• Great article! I am *very* color blind, and it's ironic that it has become somewhat more of a problem as user interface design has grown. Challenges used to be limited to matching clothes and stop lights, really. And as long as I didn't care if I matched, and memorized the stacking order of stoplights (except at night, where I watch other cars, or in states where they're horizontal, which I relearn), it was pretty much a non-issue. Now, with LED indicators on *everything*, web interfaces, app interfaces, UX design driving toward 'simplification' with color instead of words, etc., the world is becoming more difficult to navigate, so I whole heartedly support the need for thought in this space. Apple does some things right, maybe more than others. Example, Maps is very easy to use and select alternate routes. The nav system in my VW however, always presents me with three routes that are identical in color to my eye, so picking a familiar vs unfamiliar route is always a roll of the dice!
  • I'm the same as you Jason! People think I'm bonkers sometimes and pick out things all around the room to ask what color I see. Mine seems pretty subtle. I see some shades of purple as blue, and the red/green thing. For those above mentioning stop lights. I'm not sure if I'm conditioned to know which is which, or if they came up with some kind of filter system or different shades of red and green for them. But I do remember a time when I started seeing them as their correct color. I started driving around the same time my city upgraded all the stop lights. Around that time is when I was able to see the difference. Could be conditioning because I was actually paying attention since I was driving, or if the new lights changed the hues of green red for better differentiation.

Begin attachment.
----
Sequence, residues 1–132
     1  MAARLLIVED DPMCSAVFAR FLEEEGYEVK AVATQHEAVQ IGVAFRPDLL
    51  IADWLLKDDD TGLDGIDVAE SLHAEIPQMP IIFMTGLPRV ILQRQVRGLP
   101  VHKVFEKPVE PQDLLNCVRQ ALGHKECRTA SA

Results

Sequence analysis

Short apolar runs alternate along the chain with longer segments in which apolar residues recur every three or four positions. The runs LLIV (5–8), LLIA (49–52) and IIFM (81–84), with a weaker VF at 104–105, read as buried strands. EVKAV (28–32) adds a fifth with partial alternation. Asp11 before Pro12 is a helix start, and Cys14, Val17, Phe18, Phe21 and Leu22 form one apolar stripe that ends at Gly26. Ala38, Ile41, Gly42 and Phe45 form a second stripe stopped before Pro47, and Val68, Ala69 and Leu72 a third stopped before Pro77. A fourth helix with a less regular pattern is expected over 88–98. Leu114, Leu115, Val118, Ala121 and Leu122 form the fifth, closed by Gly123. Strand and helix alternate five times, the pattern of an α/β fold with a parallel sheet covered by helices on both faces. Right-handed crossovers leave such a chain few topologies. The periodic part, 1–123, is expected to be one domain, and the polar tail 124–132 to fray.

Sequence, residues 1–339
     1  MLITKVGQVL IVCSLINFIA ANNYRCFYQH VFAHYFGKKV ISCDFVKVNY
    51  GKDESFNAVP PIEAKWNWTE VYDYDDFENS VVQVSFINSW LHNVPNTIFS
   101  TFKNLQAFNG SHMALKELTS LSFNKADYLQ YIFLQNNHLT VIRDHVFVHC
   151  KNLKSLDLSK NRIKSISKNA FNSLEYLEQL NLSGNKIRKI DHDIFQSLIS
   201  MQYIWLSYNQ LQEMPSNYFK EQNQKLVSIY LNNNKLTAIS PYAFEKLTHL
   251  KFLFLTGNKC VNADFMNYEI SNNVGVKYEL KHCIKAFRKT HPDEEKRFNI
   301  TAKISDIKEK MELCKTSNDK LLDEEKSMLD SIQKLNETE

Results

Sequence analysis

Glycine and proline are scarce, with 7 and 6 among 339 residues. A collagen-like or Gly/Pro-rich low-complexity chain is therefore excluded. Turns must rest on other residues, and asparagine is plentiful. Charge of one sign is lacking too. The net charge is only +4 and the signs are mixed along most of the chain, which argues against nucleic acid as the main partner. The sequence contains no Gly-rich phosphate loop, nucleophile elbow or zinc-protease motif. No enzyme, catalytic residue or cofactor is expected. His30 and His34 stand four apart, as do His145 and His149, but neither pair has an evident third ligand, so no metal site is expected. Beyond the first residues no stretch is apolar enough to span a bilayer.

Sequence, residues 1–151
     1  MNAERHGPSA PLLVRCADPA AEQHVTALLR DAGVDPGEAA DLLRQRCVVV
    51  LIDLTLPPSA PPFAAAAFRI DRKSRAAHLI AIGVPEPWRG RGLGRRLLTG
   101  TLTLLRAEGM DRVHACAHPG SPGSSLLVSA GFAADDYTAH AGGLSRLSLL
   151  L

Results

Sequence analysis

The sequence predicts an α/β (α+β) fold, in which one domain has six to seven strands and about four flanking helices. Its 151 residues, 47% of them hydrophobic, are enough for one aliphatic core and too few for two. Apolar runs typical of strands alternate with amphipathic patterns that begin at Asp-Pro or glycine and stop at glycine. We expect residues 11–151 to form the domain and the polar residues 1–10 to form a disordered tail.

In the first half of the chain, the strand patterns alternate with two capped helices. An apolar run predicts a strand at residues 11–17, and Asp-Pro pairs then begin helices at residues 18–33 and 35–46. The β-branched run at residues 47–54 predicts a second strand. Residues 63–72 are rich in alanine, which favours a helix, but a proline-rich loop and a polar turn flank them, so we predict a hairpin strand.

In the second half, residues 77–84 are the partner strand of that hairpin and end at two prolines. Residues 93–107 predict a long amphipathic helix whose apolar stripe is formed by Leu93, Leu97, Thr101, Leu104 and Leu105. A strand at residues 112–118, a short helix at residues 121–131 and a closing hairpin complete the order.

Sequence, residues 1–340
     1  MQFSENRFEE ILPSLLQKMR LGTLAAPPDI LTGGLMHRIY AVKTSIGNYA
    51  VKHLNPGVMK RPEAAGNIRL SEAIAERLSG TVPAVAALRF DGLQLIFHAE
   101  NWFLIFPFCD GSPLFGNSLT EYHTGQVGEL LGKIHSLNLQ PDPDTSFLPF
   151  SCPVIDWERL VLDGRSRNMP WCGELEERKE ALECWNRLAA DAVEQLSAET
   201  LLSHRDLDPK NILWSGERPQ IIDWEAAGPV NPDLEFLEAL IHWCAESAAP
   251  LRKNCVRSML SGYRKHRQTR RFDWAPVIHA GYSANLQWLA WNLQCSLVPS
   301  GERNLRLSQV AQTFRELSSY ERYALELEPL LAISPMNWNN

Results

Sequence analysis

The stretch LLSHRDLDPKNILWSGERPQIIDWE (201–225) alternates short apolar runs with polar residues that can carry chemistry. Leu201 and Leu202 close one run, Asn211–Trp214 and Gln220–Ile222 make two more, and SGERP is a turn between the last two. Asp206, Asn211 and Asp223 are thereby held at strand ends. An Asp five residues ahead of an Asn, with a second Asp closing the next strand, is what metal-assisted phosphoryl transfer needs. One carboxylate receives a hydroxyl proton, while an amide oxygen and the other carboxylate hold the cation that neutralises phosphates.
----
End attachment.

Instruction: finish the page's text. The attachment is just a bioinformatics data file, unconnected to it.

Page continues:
• I'm another colour blind user. Usually on the computer it's just games where the real problems are. I'm also a deuteranope - usually that means red tends to black and purple is pretty much always just blue. On my Mac most all the UI makes colour sense to my eyes. It's much worse on my work windows laptop with a lame screen. On that screen I am always squinting and moving my head around hoping to be at just the right angle to see well. In my super old "Windows Communicator" messaging app all the traffic lights that are supposed to tell me if my colleagues are able to chat are useless - and it's actually the yellow and green ones there I can't tell apart - colours that I've never felt a problem with in the real world. I just thought of something. I might check out if the "development class" laptops my company gives out have nicer more legible screens - I could ask for a laptop with a better screen as a workaround for my disability.